Review by CH (LTC) Yoni Zagdanski, USAR
This best-selling book teaches us about something we all take for granted – Emuna (faith). Yet, this book is groundbreaking. Why? Because it is easy to have Emuna when things are going smoothly in our lives. But when we face major challenges or setbacks, Emuna sometimes flies out the window. There is a lot of pain out there: there are people right now experiencing severe illness, unemployment, marital strife, divorce, death of a close relative, etc. This book is about keeping your Emuna when life goes seriously wrong. And given that we’re in the midst of the most widespread pandemic in human history, it is very apropos. But I dare say that “The Garden of Emuna” is more than a book; it is a practical guide for life.
Many of the concepts in this book are drawn from the Zohar and the teachings of Rabbi Nachman of Breslov, grandson of the Baal Shem Tov. Rabbi Arush simply but masterfully explains these spiritual concepts using modern language and scenarios that everyone can relate to. The reader will discover that Emuna is not something that you have or you don’t; rather, there are many shades of Emuna. But Rav Arush breaks down the levels of Emuna into three general categories. A person can either have low, average, or high levels of Emuna. The reader learns how to assess his level of Emuna and how to move to a higher level.
The first concept that I personally connected with was the concept of gratitude no matter what. Rabbi Arush talks about the need to thank Hashem equally for the good and for the seemingly bad. That, he says is the true definition of Emuna – having faith. Some of us have experienced a “bad” event, just to realize much later that in fact, it had been a blessing in disguise. Rabbi Arush drives the point that saying thank you for the “bad” is not just a nice thing to do; it is a Mitzvah – see Tractate Brachot 60a.
Let’s be honest with ourselves. We Jews are pretty good at the art of complaining. Moses had to endure 40 years of complaining in the desert. G-d, as we see in the Torah, is not a big fan of complainers. Why not? Because complaining is the exact opposite of gratitude. When people complain, they are displaying a lack of faith.
Rabbi Arush teaches that the more we complain, the more G-d gives us reasons to complain – in the form of hardships. But the more we thank G-d for everything, the more he showers us with blessings. I experienced this firsthand as a Chaplain. I was once counseling a Captain (let’s call him Ken), who was deeply depressed because he and his wife could not have children. I followed Rabbi Arush’s advice and told him to spend 30 minutes a day thanking G-d for all the amazing things in his life, including the fact that he and his wife couldn’t have children. Judging from his expression, he must have thought that I was completely insane. After all, who would thank G-d for such a sad predicament? “Ken, Just do it!” I told him. I didn’t think he was going to follow this advice, but he did. Two weeks later, Ken called me and almost could not utter the following words: “My wife is pregnant!”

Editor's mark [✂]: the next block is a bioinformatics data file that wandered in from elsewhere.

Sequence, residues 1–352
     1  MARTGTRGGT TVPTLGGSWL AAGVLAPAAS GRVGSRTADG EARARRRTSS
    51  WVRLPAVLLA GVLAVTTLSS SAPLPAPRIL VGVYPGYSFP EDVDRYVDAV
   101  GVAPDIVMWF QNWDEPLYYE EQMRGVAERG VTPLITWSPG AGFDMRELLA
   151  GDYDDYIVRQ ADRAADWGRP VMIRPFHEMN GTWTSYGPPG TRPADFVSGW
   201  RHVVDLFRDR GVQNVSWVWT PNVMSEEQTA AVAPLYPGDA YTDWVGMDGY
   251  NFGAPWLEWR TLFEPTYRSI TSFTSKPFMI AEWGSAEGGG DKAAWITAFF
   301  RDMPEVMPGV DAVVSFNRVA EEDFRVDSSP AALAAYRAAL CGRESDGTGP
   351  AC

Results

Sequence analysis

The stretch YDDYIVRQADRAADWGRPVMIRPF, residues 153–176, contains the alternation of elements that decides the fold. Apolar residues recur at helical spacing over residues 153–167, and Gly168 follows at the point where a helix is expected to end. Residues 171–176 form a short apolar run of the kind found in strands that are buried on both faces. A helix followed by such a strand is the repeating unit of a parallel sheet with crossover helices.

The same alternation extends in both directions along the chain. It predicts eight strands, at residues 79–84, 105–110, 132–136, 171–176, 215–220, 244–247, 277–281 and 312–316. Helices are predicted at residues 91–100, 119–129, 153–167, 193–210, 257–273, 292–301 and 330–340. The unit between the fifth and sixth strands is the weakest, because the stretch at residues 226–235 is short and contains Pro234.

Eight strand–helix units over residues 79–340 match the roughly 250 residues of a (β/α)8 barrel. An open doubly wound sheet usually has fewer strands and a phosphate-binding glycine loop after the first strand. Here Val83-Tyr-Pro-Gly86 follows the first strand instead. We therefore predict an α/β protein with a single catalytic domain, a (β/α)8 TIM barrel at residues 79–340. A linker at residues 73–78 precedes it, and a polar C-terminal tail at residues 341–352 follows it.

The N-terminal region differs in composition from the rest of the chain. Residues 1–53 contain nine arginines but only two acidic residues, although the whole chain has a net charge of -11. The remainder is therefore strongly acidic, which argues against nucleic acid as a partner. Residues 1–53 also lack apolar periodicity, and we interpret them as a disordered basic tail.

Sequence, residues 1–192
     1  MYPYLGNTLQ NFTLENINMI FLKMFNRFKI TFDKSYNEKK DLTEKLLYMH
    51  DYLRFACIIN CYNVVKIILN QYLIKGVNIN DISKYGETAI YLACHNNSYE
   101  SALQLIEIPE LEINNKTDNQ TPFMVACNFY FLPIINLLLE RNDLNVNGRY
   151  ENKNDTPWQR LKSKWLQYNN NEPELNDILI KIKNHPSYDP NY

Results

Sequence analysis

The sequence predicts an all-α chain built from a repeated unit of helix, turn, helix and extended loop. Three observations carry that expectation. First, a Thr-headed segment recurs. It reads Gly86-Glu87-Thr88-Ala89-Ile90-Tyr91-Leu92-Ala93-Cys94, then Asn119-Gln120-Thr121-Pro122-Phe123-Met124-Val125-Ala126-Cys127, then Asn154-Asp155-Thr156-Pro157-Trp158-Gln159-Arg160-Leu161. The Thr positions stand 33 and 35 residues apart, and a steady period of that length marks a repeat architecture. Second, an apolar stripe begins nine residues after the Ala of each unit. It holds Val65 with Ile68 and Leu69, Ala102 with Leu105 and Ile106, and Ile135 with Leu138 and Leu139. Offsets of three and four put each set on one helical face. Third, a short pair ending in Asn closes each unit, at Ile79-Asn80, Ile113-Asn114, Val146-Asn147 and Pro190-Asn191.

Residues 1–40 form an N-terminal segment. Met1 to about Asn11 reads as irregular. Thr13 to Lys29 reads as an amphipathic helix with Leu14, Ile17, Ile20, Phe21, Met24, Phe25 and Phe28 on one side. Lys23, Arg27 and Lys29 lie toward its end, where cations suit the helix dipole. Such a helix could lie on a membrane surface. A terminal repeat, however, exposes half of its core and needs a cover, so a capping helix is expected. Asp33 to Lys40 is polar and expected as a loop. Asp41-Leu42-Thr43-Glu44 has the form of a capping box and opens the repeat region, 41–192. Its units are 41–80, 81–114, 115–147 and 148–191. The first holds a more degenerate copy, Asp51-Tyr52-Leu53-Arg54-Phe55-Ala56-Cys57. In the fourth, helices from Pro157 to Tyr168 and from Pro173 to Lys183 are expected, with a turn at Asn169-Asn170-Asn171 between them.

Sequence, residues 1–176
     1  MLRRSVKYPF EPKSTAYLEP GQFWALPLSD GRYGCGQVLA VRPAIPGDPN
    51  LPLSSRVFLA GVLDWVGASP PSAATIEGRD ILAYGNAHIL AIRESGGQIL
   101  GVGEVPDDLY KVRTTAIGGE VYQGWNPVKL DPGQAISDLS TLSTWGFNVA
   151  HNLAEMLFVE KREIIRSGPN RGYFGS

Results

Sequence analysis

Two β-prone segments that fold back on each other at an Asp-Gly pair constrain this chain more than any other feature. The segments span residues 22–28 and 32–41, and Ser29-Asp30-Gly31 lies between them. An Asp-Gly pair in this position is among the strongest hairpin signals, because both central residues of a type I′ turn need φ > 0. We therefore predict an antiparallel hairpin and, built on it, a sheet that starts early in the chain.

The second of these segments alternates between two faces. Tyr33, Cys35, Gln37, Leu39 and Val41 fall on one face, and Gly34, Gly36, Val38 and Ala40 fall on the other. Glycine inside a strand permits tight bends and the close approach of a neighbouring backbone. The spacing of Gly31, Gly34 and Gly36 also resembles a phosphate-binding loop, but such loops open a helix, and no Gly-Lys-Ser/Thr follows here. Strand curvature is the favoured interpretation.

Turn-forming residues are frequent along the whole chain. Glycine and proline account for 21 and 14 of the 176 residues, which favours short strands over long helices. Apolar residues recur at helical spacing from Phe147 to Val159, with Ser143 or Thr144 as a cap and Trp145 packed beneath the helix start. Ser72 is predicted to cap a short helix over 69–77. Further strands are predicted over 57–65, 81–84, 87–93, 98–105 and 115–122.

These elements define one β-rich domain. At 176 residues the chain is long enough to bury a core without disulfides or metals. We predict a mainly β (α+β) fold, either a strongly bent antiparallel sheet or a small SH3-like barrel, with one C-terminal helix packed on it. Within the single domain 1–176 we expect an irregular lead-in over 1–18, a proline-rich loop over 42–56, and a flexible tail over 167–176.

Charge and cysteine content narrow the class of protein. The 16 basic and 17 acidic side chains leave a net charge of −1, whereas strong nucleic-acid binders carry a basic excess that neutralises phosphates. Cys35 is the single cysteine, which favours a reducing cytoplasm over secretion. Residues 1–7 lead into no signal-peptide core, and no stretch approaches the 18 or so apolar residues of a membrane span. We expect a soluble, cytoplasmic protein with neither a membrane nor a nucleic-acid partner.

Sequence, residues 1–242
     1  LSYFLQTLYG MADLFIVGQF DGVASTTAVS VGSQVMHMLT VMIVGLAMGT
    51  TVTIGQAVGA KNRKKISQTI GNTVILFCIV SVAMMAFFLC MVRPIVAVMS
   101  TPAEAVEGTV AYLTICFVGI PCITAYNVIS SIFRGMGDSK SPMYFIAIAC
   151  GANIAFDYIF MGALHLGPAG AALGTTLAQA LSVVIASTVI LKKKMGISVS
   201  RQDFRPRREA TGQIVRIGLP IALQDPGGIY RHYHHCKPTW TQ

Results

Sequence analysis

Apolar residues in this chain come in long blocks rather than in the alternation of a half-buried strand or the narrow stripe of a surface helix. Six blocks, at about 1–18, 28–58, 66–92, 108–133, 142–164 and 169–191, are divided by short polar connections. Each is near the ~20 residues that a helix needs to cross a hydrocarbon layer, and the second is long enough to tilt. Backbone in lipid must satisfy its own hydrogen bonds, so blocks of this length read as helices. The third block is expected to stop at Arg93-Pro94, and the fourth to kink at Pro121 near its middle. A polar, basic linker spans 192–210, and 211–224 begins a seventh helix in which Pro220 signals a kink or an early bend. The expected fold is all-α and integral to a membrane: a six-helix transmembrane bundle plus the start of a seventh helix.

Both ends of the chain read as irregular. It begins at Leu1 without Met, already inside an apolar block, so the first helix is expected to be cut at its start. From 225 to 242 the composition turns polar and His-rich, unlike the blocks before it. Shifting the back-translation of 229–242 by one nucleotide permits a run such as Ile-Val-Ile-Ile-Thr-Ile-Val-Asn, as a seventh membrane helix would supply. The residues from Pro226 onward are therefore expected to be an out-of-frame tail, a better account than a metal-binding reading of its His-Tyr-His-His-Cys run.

I am still in touch with Ken, and every now and then, he sends me pictures of his gorgeous daughter; I call her the “miracle girl.” I too have experienced small miracles for simply thanking Hashem for seemingly “bad” things.
Another concept that Rabbi Arush writes about is Hashgacha Pratis – the belief that everything that happens is God’s will. (Even though this concept seem to negate free will, it is consistent with the Maimonides’ first principle of faith and Tractate Hullin 7b.) It is hard not to get angry when we see a parking ticket on our windshield; or when we see the neighbor’s trash all over our lawn; or when our spouse misplaces the car keys (again), etc. But Rabbi Arush would say that we’re getting angry at the stick. But who is wielding the stick? Hashem! He uses the stick to test us, to challenge us and yes, sometimes to chastise us. Let’s talk to Hashem – not the stick!
Lastly, I connected with the concept of Hitbodedut , or self-reflection. Rabbi Arush says that only through daily Hitbodedut, can one strengthen his connection to Hashem. I must confess that I have a very hard time connecting in synagogue, where there are so many distractions. You might relate with the following thoughts I sometimes have in synagogue: “I can’t hear the Chazzan!”; “Why is he davening so slow/ fast?!”; “I can’t stand that tune!” “Can’t the Rabbi see that everyone is asleep during his speech? Why does he go on with his speech?” and on, and on.
Hitbodedut is a time when you can just be yourself and talk to Hashem and say what is really in your heart. This is not just a Breslov practice. Every Jew is required to perform a Cheshbon Hanefesh (personal reckoning) and analyze his actions of the past 24 hours. This is the only way to improve our good (traits) and ditch our bad ones.
I could go on and on praising this important book. Take my word for it: this book will change your life and the lives of your loved ones. And if you’re able to apply some of these concepts while serving in a mentorship capacity, you might change the lives of the Soldiers that come to you for help, and perhaps even save a soldier’s life.
Originally published in the May-June 2020 issue of the Jewish American Warrior.
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